Today is my last day in the tiny apartment in Lake Snowbegone, soon to be replaced by an even tinier tent on the top of a hill in Santa Cruz. So, in honor of using up the stuff in the kitchen that K. wouldn't (like lard, yeast, chickpeas, and poppy seeds), I went on a bit of a cooking binge yesterday, making stuffed eggplant with onions, tomatoes, chickpeas, and feta, followed by a puffy loaf of whole-wheat-oatmeal bread and a big apple galette. Mmmm.
The bread was completely made up and thrown together. One packet of dry yeast, dissolved in about 1/2 cup water and thrown into the quart-size empty yogurt container doubling as my whole-wheat flour cannister. There was maybe a cup of flour in there; I mixed in the yeast and water and added enough water to make a goopy batter. Let it rise as a sponge for an hour or so, then stirred it together with more water, a teaspoon or two of salt (honestly, I just poured out some into my hand and dumped it in), an egg because our supermarket carries good marigold-yolked local eggs, about half a cup of rolled oatmeal flakes, a good glug of the Cobble Hill honey Amy gave us as a leaving-Brooklyn present, and enough white flour to make up a smooth dough. Kneaded it, let it rise, rolled it into a ball, let it rise again, then glazed it with egg yolk and sprinkled with poppy seeds, to bake until brown at 350F.
Once you've made bread a bunch of times, you realize that there's no real need for measuring. As long as you have a rough idea of the proportions of water, flour, and salt, you'll get a nice loaf. You can do with a lot less yeast than you think; I usually use one packet for 2 loaves, about half of what most recipes call for. Yes, the rise is slower, but you don't get than beery-yeasty taste that can plague some homemade loaves, and the bread stays fresher longer. I still use recipes when I want to be sure of a particular result, or when I want to try out a new method or combination, but it's relaxing to know that there's no need to get out the cookbooks and teaspoons just to make an ordinary toast-for-breakfast loaf.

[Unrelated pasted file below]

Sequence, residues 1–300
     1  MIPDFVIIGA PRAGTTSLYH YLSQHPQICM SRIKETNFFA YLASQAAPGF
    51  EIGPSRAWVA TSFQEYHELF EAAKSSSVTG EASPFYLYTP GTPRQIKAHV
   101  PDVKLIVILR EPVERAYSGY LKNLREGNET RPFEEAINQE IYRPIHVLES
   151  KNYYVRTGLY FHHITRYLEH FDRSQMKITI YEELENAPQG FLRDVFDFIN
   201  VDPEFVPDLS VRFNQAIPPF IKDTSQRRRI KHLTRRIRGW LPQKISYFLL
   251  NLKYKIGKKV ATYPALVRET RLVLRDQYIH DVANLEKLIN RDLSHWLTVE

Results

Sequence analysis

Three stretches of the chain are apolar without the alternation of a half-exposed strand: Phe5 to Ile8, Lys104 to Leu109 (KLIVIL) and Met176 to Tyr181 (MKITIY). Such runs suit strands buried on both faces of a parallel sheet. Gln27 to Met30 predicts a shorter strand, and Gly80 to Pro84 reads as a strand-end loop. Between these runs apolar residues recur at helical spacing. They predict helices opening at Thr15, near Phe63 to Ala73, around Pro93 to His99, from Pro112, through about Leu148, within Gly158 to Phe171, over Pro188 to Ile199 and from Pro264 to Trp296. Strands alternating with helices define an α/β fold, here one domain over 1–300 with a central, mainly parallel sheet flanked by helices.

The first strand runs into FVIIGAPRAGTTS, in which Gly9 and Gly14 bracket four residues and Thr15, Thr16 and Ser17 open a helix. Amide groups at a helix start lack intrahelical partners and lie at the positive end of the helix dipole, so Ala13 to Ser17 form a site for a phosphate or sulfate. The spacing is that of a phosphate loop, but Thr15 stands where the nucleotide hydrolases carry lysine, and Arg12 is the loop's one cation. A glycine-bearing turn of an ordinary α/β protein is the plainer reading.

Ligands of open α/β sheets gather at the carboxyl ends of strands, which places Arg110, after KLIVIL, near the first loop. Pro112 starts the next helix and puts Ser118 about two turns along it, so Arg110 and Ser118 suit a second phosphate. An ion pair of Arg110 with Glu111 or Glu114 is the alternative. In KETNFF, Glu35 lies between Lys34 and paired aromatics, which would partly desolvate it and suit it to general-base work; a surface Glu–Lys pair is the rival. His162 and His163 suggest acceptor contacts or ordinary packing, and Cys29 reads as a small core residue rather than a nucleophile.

Why bring this up? Not to toot my own bread-making horn, for sure. But to encourage all you bakers out there to loosen up in the kitchen. Bread is remarkably forgiving. Short of killing the yeast with too much heat (dissolving it in hot water or using a really hot rising place--for example, don't leave the bowl full of dough on top of the stove when you're preheating the oven), your bread dough is more friendly and flexible than you think.
And the galette was a happy, not really measured treat too. Not having a pie pan or a rolling pin up here, I made do with a Grandma's molasses jar and a cookie sheet. The dough was 2 cups of flour, 1/4 tsp salt, 1 TB of sugar, with 4 oz of Flying Pigs Farm lard and 4 TB (2 oz) of salted butter cut in. Enough cold water to make a just-holding-together dough, flattened and wrapped in plastic wrap and chilled in the fridge for a few hours. Rolled out into a rough circle on the counter, then slid onto the cookie sheet. Peeled and sliced a half-dozen Empire apples, then tossed them with a little raw sugar, some crumbled maple sugar, cinnamon, allspice, nutmeg and a few shakes of salt. Heaped the apple slices in the middle of the pastry, then flapped the dough over the apples, leaving a hole in the middle. Glazed with an egg yolk beaten with 1 TB of water, sprinkled on some more raw sugar, and baked until the crust was deep golden and the apples tender at 400 degrees.
Thanks to the lard, the dough was lovely and flaky, and not as hard to work with as a shorter butter crust.
Now, back out the best coast, and life on the farm!